See Poole on "Matthew 23:12". We shall meet with the same again, Luke 18:14.

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Bibliographical Information
Poole, Matthew, "Commentary on Luke 14:8". Matthew Poole's English Annotations on the Holy Bible. https://www.studylight.org/commentaries/mpc/luke-14.html. 1685.

Justin Edwards' Family Bible New Testament

Highest room; most honorable place at the table, where the principal personages reclined.

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Edwards, Justin. "Commentary on Luke 14:8". "Family Bible New Testament". https://www.studylight.org/commentaries/fam/luke-14.html. American Tract Society. 1851.

Peter Pett's Commentary on the Bible

“When you are invited by any man to a marriage feast, do not sit down in the chief seat, lest it chance that a more honourable man than you be invited by him,”

Jesus instances a marriage feast. This is because a marriage feast would be more formal and the placing of guests tightly controlled. But it was also so that they might recognise in it a reference to the coming ‘Messianic feast’. The Rabbis regularly taught by telling stories which at first appeared to have a single simple meaning, but which on further examination actually contained hidden references. Thus they would always be looking for deeper meanings in stories.

Jesus’ warning was against being overly self-important. When they went to such a feast, and especially when they thought of the possibility of the great final feast with God, they should not think in terms of the chief seats. This would only make them arrogant. And the consequence might well be that they found that others who were considered to be more important came along, and it would be discovered that they had taken their seats. There is a great danger for us all that we consider ourselves more important than we are.

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Bibliographical Information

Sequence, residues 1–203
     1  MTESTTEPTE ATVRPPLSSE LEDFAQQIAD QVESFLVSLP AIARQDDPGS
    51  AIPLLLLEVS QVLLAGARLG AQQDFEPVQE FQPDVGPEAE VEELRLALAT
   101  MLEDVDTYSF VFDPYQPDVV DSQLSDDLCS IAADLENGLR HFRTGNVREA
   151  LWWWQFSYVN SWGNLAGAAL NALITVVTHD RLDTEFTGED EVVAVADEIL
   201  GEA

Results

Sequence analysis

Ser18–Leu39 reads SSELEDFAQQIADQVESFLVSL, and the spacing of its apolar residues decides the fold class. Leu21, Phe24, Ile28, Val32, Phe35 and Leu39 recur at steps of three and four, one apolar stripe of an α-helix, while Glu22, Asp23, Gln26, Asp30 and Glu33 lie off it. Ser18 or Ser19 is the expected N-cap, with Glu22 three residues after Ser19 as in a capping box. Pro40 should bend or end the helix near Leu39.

Pett, Peter. "Commentary on Luke 14:8". "Peter Pett's Commentary on the Bible ". https://www.studylight.org/commentaries/pet/luke-14.html. 2013.

Whedon's Commentary on the Bible

8.A wedding—The Greek term had become applicable to any feast.

Highest room—See note on Matthew 23:6. Which was the most honourable place was decided, by custom, differently among different nations. Among the Greeks and Romans each couch was a triclinium, or triple seat; of the three the holder of the middle place was the most honourable; and the triclinium of the host at the head of the table was the most honourable among the couches. It would seem that among the Jews the host did not, as among us, assign the place, and quarrels among the guests about the precedence were very common.

A more honourable man—Whose dignity perhaps induces him to come in late, and by his coming attract the general attention to his importance.

 

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Whedon, Daniel. "Commentary on Luke 14:8". "Whedon's Commentary on the Bible". https://www.studylight.org/commentaries/whe/luke-14.html. 1874-1909.

Schaff's Popular Commentary on the New Testament

Luke 14:8. To a marriage feast. The greatest festivity, where questions of place were (and are still) considered of most importance. The figure suggests a reference to the feast of the kingdom of God, but this is not the primary thought. Our Lord immediately after represents the class whom He is now addressing as invited to that feast, but not attending it (Luke 14:18). The mention of an ordinary feast might have made the rebuke too pointed.

More honorable, etc. Such an one would be entitled to the higher place, and at a wedding would obtain it, as the next verse shows. But this result is not the main reason for not taking the highest place.

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Schaff, Philip. "Commentary on Luke 14:8". "Schaff's Popular Commentary on the New Testament". https://www.studylight.org/commentaries/scn/luke-14.html. 1879-90.

The Expositor's Greek Testament